On the plus side, palm is an efficient crop, producing between three and ten times more oil per piece of land than alternative vegetable oils such as rapeseed, sunflower and soya, suppliers argue.
Today, thanks to improved sustainability certification schemes such as the Roundtable on Sustainable Palm Oil (RSPO), it’s possible to get supply chain visibility on palm oil.
Manufacturers looking for the highest standards of traceability can source ‘identity preserved’ certified RSPO, for traceability back to the plantation. This is seen as the gold standard of palm oil sustainability, Lewis says.
“It’s not as simple as one solution being intrinsically ‘better’ than another. Each product presents its own set of challenges”
With soya too, there are sustainable options out there – and certification schemes in place, to define and support sustainable production standards, and protect vulnerable people and places, Lewis adds.
“Key for many of our customers, will be the need to demonstrate that their supply chains have not contributed to the destruction of forests overseas,” says Flower.
Rapeseed and sunflower are often grown closer to home, resulting in lower food miles, but full life cycle assessments are needed to better understand their full environmental impact, she says.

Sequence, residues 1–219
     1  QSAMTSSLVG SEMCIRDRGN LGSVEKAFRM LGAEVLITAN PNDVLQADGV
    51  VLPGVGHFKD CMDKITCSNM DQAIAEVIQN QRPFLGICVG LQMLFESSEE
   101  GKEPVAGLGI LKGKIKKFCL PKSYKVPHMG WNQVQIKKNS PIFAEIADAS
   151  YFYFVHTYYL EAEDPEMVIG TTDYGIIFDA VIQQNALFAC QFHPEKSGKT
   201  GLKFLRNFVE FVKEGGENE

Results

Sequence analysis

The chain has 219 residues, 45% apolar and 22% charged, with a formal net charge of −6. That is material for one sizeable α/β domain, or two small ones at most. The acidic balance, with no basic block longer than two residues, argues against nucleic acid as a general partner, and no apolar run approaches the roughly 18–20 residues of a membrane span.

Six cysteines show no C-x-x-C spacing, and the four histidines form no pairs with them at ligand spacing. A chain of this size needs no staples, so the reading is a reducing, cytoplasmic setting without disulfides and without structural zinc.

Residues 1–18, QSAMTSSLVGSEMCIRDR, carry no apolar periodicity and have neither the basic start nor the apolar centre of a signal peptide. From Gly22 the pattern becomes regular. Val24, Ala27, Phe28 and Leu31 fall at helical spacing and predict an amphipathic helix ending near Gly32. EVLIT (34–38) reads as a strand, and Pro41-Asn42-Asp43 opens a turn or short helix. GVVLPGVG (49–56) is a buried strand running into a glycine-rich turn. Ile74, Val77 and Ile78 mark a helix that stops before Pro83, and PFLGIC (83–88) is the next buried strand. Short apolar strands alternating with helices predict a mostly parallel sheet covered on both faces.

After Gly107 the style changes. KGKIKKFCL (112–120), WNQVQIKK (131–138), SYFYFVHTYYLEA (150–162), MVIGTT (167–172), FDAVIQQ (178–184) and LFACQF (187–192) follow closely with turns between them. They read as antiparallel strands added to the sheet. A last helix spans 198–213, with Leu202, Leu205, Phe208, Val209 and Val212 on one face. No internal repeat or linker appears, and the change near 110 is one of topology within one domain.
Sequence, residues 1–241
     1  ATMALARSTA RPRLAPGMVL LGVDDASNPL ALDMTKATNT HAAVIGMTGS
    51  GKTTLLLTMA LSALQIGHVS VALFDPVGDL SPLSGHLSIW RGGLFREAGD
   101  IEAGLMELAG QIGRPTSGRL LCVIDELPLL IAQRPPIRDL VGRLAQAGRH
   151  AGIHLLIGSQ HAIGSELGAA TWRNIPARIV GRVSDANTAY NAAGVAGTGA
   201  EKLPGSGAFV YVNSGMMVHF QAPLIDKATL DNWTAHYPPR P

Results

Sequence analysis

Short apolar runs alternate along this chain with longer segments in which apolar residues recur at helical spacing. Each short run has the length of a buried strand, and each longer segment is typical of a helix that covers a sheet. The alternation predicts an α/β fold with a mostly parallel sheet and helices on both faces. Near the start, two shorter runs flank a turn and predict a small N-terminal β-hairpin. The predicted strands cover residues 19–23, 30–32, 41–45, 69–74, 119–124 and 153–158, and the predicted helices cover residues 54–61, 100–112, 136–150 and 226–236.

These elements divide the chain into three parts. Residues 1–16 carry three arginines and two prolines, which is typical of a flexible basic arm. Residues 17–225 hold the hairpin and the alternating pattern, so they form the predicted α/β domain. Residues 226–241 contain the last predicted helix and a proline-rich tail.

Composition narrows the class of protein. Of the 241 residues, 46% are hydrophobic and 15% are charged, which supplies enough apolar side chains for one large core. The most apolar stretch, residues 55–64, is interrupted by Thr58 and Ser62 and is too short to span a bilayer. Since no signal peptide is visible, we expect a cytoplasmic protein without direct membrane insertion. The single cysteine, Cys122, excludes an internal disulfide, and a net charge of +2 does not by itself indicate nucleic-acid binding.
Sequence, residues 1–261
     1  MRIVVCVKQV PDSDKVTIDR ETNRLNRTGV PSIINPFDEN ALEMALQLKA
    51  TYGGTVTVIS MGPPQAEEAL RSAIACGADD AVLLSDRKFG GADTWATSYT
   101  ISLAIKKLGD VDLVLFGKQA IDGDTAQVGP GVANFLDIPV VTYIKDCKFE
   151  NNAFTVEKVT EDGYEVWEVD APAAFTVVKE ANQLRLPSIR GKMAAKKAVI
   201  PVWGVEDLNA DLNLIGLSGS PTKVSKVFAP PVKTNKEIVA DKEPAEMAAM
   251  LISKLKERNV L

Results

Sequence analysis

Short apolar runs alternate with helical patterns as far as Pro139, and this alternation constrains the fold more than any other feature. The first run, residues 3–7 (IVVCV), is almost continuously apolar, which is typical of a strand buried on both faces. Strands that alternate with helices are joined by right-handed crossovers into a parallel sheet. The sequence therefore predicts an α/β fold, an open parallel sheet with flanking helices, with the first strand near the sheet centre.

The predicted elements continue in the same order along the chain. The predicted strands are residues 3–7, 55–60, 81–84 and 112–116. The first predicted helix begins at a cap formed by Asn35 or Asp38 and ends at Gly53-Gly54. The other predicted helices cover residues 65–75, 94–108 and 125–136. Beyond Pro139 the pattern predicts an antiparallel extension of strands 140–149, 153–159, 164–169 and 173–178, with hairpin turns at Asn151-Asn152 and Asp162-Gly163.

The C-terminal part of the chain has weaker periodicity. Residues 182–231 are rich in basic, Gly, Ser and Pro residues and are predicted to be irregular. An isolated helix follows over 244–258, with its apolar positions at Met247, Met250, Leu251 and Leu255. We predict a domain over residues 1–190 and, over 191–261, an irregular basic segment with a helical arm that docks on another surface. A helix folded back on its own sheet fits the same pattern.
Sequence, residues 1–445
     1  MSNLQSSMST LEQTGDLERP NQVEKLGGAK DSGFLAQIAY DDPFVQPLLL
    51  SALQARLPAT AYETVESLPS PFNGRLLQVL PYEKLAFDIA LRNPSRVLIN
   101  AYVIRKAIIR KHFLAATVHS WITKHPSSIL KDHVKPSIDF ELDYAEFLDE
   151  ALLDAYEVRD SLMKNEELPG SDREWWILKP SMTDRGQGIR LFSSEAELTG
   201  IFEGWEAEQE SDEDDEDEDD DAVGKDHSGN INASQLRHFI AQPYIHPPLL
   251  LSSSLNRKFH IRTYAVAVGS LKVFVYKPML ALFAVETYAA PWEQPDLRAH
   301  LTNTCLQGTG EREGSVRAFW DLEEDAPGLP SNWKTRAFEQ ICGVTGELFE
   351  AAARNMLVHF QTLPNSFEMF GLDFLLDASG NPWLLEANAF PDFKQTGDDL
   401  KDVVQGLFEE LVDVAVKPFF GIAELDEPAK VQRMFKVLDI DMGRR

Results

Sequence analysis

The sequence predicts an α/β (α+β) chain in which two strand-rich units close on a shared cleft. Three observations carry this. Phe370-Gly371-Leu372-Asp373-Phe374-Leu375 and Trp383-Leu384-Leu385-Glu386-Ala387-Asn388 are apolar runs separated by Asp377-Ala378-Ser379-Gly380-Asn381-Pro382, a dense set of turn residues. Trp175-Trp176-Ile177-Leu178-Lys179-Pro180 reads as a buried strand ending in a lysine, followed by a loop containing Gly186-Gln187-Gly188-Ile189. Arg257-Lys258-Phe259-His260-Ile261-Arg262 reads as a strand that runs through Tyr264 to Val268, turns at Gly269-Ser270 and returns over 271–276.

“With liquid oils such as sunflower and rapeseed, there is an opportunity to improve the farming systems through regenerative agriculture and in that way to meet greenhouse gas reduction commitments,” comments Mattia Guglielmi, sustainability lead at Cargill.
Livelihood improvement projects as well as certification programmes on other fats may also be making a difference locally.
Bakers should also weigh up the growing plant-based eating trend when it comes to sourcing sustainable bakery fats, suggests Philippa Knight, marketing director, Puratos UK. According to Taste Tomorrow, Puratos’ research programme into consumer choices, 51% of UK consumers now believe plant-based products are better for the environment.
Compared to animal fats such as butter, using vegetable fat-based margarine represents a much lower carbon footprint, three times less, and 50% less land is needed, says Barbara Lanzoni, director fats & oils, category marketing at CSM Ingredients.
“As well as the baking qualities it offers, it’s also worth considering that margarine is suitable for those following a plant-based/vegan diet because it does not contain any animal products,” she says.